Testosterone and joint repair
Can low testosterone levels cause chronic joint pain? If so how? Research has shown that Testosterone has a direct effect on cartilage growth. If the testosterone levels are low, so is the body’s ability to regrow damaged cartilage.
Testosterone is an anabolic hormone, its characteristics are well known as a hormone that promotes repair and growth of soft tissue. As such testosterone is responsible for protein synthesis, enhance production of muscle and cartilage growth. Many people believe that testosterone is only a male hormone, but it also plays a pivotal role in the female body chemistry as well. Male or female, if one has a low testosterone level, then they will likely experience more difficulty healing.
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Testosterone and joint repair
- A Swedish study recently focused on the effects of testosterone on chondrocytes (the building blocks of cartilage) and found testosterone promoted differentiation (multiplication) of chondrocytes which increased collagen production and acted to repair cartilage.1
- An Australian study examining the role of low circulating testosterone in men facing total knee replacement found that low testosterone impacted cartilage tissue loss and bone loss.2
- In one landmark study from St Bartholomew’s Hospital Medical College in London, doctors showed how testosterone reversed cartilage damage and reduced proteoglycan (the stuff of connective tissue) loss. It was suggested that testosterone replacement therapy may help prevent joint damage and disability.3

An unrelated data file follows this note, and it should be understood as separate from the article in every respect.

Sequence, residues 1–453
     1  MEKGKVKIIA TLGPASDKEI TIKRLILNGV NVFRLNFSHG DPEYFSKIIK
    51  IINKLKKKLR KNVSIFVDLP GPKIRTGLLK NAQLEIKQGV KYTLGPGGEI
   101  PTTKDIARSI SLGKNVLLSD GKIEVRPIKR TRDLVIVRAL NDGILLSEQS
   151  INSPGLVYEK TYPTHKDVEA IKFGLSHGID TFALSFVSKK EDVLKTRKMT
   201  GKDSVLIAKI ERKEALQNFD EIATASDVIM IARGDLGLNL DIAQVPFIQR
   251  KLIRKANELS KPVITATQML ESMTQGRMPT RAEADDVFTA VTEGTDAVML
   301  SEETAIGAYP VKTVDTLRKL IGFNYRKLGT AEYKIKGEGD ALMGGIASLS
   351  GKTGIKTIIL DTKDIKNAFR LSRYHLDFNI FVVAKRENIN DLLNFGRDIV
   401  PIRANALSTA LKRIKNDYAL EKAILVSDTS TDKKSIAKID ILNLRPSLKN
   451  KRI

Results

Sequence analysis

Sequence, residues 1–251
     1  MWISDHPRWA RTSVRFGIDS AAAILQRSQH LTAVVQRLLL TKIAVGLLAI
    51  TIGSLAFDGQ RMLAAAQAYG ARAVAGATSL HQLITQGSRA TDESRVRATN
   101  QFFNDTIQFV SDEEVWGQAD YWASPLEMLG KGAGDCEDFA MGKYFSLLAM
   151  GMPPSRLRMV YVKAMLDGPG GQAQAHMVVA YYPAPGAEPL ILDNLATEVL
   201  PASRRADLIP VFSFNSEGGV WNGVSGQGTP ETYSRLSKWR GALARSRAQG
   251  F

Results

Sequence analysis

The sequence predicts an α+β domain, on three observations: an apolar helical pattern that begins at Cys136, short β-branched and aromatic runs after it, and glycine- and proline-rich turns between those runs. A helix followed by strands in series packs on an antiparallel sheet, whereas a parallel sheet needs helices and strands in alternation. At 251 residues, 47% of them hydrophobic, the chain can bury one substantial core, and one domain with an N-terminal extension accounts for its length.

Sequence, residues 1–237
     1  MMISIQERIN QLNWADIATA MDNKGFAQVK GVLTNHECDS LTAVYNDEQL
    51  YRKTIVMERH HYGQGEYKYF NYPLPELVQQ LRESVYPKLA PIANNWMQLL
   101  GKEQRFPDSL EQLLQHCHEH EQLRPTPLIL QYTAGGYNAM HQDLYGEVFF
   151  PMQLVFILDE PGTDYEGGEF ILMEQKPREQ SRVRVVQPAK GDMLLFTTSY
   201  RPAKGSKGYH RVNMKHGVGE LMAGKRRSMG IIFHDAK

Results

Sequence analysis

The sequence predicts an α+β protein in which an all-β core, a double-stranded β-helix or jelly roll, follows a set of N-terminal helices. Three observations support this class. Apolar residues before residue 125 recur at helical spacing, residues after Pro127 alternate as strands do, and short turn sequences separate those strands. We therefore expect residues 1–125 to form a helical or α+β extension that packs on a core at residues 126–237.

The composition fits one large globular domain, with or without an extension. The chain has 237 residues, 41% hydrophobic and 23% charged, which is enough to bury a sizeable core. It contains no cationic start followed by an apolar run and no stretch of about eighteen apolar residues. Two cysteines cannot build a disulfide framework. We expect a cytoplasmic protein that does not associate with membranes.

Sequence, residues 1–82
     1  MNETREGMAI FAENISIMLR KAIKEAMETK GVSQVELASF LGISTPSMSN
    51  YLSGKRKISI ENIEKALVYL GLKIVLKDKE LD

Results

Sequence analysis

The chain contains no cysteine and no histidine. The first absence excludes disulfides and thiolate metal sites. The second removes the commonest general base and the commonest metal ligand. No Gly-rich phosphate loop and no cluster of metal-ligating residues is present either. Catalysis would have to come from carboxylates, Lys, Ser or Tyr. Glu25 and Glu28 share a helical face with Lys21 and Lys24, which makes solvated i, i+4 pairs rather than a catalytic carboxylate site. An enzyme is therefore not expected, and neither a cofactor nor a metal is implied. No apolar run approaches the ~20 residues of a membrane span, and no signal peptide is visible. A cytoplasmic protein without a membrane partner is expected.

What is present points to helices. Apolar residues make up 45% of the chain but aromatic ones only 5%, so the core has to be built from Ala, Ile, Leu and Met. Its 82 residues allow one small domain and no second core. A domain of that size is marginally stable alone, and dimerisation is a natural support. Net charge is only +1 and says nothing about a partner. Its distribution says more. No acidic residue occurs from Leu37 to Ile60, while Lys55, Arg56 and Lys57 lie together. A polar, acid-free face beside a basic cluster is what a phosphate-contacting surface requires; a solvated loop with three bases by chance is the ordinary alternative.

- Research from our colleagues Marc Dubick, MD and Thomas Ravin MD have shown that testosterone injections into the lower back helped substantially reduce chronic lower back pain in patients.4
- Researchers in Brazil have shown that testosterone supplementation prevents TMJ pain stimulation in men.5
- Doctors at John Hopkins University link circulating testosterone levels in men with ligament strength.6
1. Lorentzon M, Swanson C, Andersson N, Mellstrom D, Ohlsson C. Free Testosterone is a Positive, Whereas free Estradoil Is a Negative, Predictor of Coritcal Bone Size in Young Swedish Men: The GOOD Study. Journal of Bone and Mineral Research 2005; 20(8) : 1334-1339. Pubmed Citation
2. Hanna F, Ebeling PR, Wang Y, O’Sullivan R, Davis S, Wluka AE, Cicuttini FM. Factors influencing longitudinal change in knee cartilage volume measured from magnetic resonance imaging in healthy men. Ann Rheum Dis. 2005 Jul;64(7):1038-42. Pubmed citation
3. Da Silva JA, Larbre JP, Spector TD, Perry LA, Scott DL, Willoughby DA. Protective effect of androgens against inflammation induced cartilage degradation in male rodents. Ann Rheum Dis. 1993 Apr;52(4):285-91. Pubmed citation
4 Dubick MN, Ravin TH, Michel Y, Morrisette DC. Use of localized human growth hormone and testosterone injections in addition to manual therapy and exercise for lower back pain: a case series with 12-month follow-up. Journal of Pain Research. 2015;8:295-302. doi:10.2147/JPR.S81078. Pubmed Citation
5 Fanton LE, Macedo CG, Torres-Chávez KE, Fischer L, Tambeli CH. Activational action of testosterone on androgen receptors protects males preventing temporomandibular joint pain. Biochem Behav. 2017 Jan;152:30-35. Pubmed Citation
6 Romani WA, Belkoff SM, Elisseeff JH. Testosterone may increase rat anterior cruciate ligament strength. Knee. 2016 Dec;23(6):1069-1073. doi: 10.1016/j.knee.2016.07.004. Epub 2016 Sep 20. Pubmed citation.